Numbers are meaningless, and more numbers are more meaningless. Constants are arguably important, but there is still a philosophical component that needs to be resolved.

  • PD Shaw Link

    With the virus in particular, we have quants analyzing data and coming up with associations and correlations, none of which is science and often appear to be completing lacking in any domain knowledge. (This may be purposeful, biology is fuzzy and thus believed to be largely ignorable) On top of that, models are being utilized as if they reflect laws of physics as opposed to tools with understood uses and limitations.

    As a for instance, Tyler Cowen will give space to someone who assigns a 90% probability that one of the variants of concern is more than 30% transmissible. It turns out that the person is a (a) biology student; (b) who reads a lot about this virus; and (c) is employed as a super-predictor. Cowen believes super-predicting is a skill and it benefits from not being beholden to domain. If you look at the underlying studies quants rely upon, the conclusions are usually quite modest, identify their limitations and primarily point to the need for more study, i.e. the need for science.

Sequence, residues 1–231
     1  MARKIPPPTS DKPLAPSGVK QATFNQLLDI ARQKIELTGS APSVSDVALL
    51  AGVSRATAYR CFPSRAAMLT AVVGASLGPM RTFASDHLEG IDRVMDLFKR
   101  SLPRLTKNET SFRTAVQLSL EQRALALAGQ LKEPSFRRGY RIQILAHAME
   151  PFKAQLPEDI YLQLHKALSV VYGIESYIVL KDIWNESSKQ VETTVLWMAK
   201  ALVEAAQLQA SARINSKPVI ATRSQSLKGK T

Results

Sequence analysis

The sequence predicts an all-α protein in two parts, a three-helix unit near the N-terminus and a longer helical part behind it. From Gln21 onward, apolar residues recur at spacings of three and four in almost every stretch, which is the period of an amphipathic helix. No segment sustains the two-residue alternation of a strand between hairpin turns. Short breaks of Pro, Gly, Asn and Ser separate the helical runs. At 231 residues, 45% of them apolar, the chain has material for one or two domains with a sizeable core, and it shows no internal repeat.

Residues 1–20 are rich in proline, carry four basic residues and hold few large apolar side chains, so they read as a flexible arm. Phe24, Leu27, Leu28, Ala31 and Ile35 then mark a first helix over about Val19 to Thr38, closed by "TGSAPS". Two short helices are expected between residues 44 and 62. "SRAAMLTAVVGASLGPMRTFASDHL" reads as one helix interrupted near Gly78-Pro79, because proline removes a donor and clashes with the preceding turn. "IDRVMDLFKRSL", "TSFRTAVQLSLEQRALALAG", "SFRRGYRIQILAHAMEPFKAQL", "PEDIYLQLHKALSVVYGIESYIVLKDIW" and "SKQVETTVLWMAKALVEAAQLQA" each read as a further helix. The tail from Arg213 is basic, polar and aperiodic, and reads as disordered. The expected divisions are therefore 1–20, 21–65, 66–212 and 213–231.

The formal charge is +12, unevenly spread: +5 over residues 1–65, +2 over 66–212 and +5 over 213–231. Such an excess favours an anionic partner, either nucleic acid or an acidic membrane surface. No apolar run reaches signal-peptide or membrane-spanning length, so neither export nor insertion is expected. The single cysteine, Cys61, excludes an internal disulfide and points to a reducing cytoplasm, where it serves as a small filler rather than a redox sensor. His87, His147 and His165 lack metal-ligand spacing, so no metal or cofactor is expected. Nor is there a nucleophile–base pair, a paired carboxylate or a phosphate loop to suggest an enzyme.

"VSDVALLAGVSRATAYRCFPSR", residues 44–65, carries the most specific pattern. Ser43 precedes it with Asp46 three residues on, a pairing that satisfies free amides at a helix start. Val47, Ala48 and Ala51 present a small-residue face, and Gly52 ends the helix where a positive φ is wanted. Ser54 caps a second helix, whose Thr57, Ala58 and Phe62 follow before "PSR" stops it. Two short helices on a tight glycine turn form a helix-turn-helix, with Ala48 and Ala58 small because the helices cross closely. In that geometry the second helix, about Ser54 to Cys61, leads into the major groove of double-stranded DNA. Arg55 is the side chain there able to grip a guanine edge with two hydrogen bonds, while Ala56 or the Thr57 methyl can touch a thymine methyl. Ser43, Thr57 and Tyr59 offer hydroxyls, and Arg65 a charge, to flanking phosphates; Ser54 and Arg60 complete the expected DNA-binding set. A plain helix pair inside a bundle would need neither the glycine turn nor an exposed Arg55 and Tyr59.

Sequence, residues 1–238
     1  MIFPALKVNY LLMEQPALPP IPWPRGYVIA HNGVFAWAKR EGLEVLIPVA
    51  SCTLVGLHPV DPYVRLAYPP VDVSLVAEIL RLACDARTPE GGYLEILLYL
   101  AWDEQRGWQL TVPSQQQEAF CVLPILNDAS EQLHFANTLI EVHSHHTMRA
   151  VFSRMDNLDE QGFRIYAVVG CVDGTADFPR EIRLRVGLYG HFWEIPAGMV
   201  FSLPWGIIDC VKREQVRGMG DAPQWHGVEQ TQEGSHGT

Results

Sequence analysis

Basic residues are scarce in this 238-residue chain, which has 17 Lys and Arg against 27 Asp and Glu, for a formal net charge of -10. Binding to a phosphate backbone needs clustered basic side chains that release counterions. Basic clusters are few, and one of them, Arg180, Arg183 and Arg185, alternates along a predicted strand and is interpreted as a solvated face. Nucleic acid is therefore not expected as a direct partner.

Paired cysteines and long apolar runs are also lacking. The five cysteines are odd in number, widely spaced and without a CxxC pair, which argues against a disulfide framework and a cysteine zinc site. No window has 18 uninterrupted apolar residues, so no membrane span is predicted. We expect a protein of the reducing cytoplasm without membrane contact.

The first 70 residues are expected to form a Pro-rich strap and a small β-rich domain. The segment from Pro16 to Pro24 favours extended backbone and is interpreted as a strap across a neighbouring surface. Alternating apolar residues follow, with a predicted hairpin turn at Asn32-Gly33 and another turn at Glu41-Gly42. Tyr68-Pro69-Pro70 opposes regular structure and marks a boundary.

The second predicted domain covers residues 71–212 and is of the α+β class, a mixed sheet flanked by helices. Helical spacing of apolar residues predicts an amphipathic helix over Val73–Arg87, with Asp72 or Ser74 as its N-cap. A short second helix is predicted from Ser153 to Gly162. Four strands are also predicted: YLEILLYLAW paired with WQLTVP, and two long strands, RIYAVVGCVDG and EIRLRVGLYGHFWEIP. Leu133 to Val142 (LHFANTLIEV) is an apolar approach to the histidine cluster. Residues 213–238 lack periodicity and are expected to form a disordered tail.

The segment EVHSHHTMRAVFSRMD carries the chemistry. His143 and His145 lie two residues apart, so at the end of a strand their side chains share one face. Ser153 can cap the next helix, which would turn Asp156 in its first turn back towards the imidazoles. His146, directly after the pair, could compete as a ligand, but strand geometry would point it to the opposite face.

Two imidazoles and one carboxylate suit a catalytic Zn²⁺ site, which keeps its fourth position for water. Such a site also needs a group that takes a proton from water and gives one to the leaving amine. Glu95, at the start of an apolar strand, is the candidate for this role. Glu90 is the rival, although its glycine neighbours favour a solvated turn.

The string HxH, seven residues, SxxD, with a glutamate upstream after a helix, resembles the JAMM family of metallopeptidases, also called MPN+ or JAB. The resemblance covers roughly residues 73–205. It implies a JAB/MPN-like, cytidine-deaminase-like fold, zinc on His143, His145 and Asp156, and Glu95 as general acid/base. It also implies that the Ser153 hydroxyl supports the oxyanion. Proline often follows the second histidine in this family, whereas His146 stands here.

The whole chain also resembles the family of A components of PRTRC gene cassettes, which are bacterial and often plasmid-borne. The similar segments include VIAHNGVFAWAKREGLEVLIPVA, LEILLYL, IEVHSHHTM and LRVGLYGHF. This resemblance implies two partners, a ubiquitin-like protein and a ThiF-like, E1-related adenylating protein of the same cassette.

• PD Shaw Link

    In the time it took me to compose my comment, Tastybits hits the core of the issue.

  • Grey Shambler Link

    In a moving sea of uncertainty,
    conservative principals, anyone?
    Standards and mores gleaned over centuries of experience.
    Not always correct, but a place to put your feet while you ponder the possibles.

  • steve Link

    OT- Vaccinated about 100 people this morning (4 hours). We are doing pretty well at solving the staffing issue. Helps that our Covid load has been decreasing. We have found nursing students to be a good source of help. A lot of them have not had as much clinical time as usual since we were short on PPE so they had limited pt contact. Went pretty smoothly and there was never a real line. I would note that it was 22 degrees outside so a goodly number of the old folks were bundled up in long sleeves and sweaters. I think I spent more time getting people out of their coats, sweaters, etc and rolling up sleeves than I did actually giving shots. We need some public service spots or whatever reminding people to come prepared to get stuck in the arm. Wear a short sleeved shirt or something that rolls up easily under the coat. Could have gone 50% faster.